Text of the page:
Aussie mum’s warning: how a common household item killed my baby

Read her heartbreaking letter.

After Allison lost her daughter in horrendous circumstances, she’s determined no other family will suffer the same.

Read Allison Rees, 36, letter to her late baby girl:

Dear Isabella, my sweet baby,

It’s funny how a mummy knows, instinctively, certain things.

From the moment I first felt you in my tummy I knew you were a little girl.

Already having your big brother, Lachlan, I was desperate for a daughter and when you were born I felt so lucky. We all did. 

I remember Lachlan, then two, racing after the doctor as you were taken for routine checks. ‘My sister!’ he called.

Your daddy, Robert, and I reassured him you’d be back for cuddles soon. If only it was so easy to reassure him now.

If only I could still have one of those cuddles, drink in your baby smell and tell you how much I love you.

‘Clip clop,’ was one of your first words, Bella.

You’d spy a picture of a horse pretty much everywhere we went!

You loved music too and the image of you bopping along to the radio in your car seat still makes me smile.

family photo
Robert, Bella and me

You were 14 months old when I got the call. Daddy had been looking after you while I was at work.

‘Bella’s been vomiting and she passed out on the way to hospital,’ he told me.

I could hear the stress in his voice and the 40-minute drive to meet you both there was agonising. ‘She’ll be okay,’ my colleague had said.

But the moment I saw you that mummy’s instinct hit again. Floppy and pale, I knew you weren’t right.

‘What if she swallowed something?’ Daddy was asking the doctors. You’d been in the garden, then at the park. He was thinking
of every eventuality, but the doctors told us it was probably just a virus, to take you home and call if anything changed.

Back home you didn’t get better. You had a fever, were drooling and wanted to be held.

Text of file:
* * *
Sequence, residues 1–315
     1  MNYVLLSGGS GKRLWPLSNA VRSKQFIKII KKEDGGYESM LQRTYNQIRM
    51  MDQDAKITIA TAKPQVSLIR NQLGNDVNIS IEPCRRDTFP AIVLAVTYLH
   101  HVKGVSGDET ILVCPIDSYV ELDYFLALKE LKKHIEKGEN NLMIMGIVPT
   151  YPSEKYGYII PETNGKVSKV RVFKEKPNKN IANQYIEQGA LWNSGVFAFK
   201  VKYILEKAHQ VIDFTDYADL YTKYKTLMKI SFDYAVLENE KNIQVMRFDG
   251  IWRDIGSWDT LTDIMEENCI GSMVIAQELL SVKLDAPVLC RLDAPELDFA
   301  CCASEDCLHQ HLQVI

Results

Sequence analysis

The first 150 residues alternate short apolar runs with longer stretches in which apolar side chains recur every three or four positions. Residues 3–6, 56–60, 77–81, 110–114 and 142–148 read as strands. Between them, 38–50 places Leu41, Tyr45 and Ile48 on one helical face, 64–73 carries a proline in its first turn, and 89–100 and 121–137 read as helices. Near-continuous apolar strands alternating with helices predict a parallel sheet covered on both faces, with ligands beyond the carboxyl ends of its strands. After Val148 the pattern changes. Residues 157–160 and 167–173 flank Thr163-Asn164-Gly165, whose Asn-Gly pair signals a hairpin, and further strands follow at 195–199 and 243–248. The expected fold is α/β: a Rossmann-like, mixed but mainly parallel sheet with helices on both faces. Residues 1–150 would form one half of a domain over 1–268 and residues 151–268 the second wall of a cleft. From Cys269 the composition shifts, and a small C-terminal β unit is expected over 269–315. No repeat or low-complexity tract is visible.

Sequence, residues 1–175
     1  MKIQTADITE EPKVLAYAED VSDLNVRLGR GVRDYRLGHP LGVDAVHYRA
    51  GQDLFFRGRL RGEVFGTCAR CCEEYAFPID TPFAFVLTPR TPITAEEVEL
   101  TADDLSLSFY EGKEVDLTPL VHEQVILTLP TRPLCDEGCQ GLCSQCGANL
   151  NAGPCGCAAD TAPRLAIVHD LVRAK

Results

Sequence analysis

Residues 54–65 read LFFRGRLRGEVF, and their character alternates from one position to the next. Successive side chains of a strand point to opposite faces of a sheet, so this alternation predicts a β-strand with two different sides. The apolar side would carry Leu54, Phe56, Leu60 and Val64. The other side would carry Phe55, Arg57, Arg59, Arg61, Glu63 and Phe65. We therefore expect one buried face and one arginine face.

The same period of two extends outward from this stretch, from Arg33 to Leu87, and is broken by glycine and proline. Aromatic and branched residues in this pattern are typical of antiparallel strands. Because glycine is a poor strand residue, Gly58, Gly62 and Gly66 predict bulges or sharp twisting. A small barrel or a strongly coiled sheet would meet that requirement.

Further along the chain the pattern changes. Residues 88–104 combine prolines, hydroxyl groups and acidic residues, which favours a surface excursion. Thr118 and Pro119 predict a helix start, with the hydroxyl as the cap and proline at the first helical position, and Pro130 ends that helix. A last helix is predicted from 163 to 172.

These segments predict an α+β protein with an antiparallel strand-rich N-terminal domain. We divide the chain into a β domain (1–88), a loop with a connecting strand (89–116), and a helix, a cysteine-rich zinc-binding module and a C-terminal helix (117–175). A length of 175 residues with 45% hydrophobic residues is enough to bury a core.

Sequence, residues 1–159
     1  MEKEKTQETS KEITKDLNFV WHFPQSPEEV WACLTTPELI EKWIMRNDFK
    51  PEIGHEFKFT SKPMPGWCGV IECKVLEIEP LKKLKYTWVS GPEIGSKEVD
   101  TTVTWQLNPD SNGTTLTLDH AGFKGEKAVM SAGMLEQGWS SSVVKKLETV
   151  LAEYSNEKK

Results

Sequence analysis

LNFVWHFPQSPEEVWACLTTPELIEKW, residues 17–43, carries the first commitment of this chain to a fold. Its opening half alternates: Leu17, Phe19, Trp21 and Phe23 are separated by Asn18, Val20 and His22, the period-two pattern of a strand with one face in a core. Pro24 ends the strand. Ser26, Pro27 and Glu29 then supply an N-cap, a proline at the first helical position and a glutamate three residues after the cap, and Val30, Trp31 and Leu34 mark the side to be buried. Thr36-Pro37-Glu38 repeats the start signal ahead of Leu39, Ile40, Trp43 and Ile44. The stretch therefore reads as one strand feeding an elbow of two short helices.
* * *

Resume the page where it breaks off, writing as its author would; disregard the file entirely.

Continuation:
We took you back to hospital and when you did a black poo in your nappy, I wanted answers.

‘There was a piece of a water balloon in the nappy too,’ I told the nurse. ‘She must have been putting things in her mouth.’

But we were sent away again with antibiotics.

Nearly two weeks on, you learnt a new word. ‘Ouch, ouch,’ you said, still smiling at me.

It’s only now I realise the significance. You were in pain and we didn’t know.

Then a few days after that things got really serious.

Going to get you one morning, there was blood everywhere.

At hospital, I was hysterical. They gave you an X-ray and it showed what looked like a coin in your throat.

‘We need to get a blood transfusion,’ someone was saying.

And then it happened so quickly. You collapsed. More blood. My screams.

Nurses pulled me away as people ran from everywhere.

You were having a cardiac arrest as I stood transfixed, watching it happen. I felt the change.

The monitors said you were still there but I felt you go. I held you in my arms as you stopped breathing, Bella.

Back home, Lachlan’s words stopped me in my tracks.

‘Bella came to me when I was asleep and told me she’d died,’ he said. 

Bella and Lachlan
Bella and Lachlan

Through it all I couldn’t understand how the coin in your throat had done all this.

Then a closer inspection of the X-ray showed it wasn’t a coin. It was a lithium button battery – the kind you find in TV remotes, some household appliances and even toys.

Lodged in your throat, its acid had slowly burnt into your aorta causing a massive haemorrhage and heart attack.

‘Where did Bella get the battery?’ I kept asking.

I knew how dangerous those batteries were and we were so careful.

After you died I spent hours scouring the house for a missing battery but I never found where it came from.

The list of ‘if onlys’ was so long. But the main one was, if only we’d known the symptoms of swallowing a button battery.

The vomiting, high blood pressure, the drool, the dark poo. You had every one and yet we didn’t get an X-ray done earlier. We didn’t get the battery removed and we didn’t save your life.

Bella, I think about you and what happened every day.

When I fell pregnant with Charlotte three months after you left us, it was such a shock.

Me, with Charlotte and Lachlan today

I struggled so much feeling like I was replacing you. But as time went on I came to realise you sent her to us.

I still hear Lachlan playing with you and I still feel you, so I know Charlotte was your way of helping me heal.

You’ve given me the strength to write this letter too – to help other families avoid our heartache.

I just pray that, in doing so, you and I might stop another mummy and baby suffering like we have.

You were here for such a short time, but your legacy means so much.

Love you, Mummy xx

precious girl
I think about my precious girl every day


In Australia at least one child every day is hospitalised from button batteries. Acid from an electrical current in the batteries, which are used in watches, calculators and even musical greeting cards, rapidly burns surrounding tissue, causing life-threatening injuries within two hours, and in some cases death. Ensure devices are securely fastened and kept out of reach of children.

If your child swallows a battery, take them to emergency immediately. Symptons may include chest pain, coughing, diarrhoea, abdominal pain, fever and vomiting. 

Read more in this week’s issue of that’s life!, on sale now.

Related stories